Naritasan Shinshorji Temple

When I first entered Narita’s temple more than twenty years ago, a New Year’s day ceremony was in full force. I climbed the steep steps to find there was no way I could squeeze into the main hall. Worshippers sat shoulder to shoulder while the sound of a drum beat a hypnotic rhythm.

 

Naritasan Shinshorji Temple
Detail from the three-storied pagoda built in the Mid-Edo style in 1712

 

This visit, the temple grounds were quieter, but I was lucky enough to hear a priest’s chant as I neared the main hall. Again I couldn’t enter because a special ceremony was in progress, but I was content that I’d been able to rediscover the experience I had all those years ago.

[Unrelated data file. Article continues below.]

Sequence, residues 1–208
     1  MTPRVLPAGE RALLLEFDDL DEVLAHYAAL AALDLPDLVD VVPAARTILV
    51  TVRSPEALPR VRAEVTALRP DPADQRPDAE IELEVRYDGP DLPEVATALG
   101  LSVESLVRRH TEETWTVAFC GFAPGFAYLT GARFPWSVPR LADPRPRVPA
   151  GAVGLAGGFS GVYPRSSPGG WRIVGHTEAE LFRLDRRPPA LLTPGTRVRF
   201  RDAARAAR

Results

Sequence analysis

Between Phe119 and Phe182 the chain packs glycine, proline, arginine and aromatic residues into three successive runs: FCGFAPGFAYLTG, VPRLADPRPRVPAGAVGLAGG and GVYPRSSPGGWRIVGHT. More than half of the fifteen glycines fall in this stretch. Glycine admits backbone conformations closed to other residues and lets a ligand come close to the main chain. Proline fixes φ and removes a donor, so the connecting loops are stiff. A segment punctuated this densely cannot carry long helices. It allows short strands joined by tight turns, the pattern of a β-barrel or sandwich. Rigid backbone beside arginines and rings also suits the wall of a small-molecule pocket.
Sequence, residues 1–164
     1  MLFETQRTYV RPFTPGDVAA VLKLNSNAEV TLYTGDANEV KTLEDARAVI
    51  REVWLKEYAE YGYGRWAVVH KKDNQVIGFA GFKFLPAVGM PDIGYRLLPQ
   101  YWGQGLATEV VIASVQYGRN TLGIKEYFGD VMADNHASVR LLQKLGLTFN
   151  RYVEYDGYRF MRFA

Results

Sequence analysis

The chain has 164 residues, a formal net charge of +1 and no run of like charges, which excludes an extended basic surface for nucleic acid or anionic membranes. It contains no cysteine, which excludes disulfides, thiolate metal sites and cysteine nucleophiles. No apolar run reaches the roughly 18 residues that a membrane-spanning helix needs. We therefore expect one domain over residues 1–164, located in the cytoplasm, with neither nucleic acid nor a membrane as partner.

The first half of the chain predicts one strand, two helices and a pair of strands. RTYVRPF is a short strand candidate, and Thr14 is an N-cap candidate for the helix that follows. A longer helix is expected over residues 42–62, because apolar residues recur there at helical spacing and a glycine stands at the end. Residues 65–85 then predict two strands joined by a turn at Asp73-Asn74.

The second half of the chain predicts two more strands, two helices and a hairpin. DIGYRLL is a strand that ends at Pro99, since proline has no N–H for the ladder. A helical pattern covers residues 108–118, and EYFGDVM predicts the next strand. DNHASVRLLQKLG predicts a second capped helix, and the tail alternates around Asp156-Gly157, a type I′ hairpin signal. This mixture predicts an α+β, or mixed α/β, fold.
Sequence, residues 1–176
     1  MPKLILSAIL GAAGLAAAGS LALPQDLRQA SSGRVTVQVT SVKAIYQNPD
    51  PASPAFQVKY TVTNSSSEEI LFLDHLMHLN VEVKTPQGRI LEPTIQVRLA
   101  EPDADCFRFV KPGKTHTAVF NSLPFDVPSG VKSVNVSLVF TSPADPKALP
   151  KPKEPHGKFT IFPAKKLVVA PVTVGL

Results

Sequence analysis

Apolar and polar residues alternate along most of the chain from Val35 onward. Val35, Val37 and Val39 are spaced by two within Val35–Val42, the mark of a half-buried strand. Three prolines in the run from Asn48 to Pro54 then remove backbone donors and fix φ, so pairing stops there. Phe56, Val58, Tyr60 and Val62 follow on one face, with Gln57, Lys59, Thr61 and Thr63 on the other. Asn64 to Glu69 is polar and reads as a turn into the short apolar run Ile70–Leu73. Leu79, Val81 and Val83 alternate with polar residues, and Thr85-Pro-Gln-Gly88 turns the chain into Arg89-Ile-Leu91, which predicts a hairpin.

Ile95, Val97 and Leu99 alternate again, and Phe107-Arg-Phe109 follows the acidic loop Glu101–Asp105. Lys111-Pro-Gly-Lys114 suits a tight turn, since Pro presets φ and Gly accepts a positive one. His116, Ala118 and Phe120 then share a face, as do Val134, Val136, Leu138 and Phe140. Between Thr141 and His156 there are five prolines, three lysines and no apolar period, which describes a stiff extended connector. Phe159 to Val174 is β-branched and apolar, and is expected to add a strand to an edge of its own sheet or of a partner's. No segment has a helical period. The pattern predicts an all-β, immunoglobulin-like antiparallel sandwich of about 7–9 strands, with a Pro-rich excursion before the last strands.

Naritasan Shinshorji Temple
Shoyoku-taishi-do Hall

 

Since my previous visit, a new hall, Shotoku-taishi-do hall had been erected in 1992. Inside was Shotokutaishi’s image who was the father of Japanese Buddhism.

 

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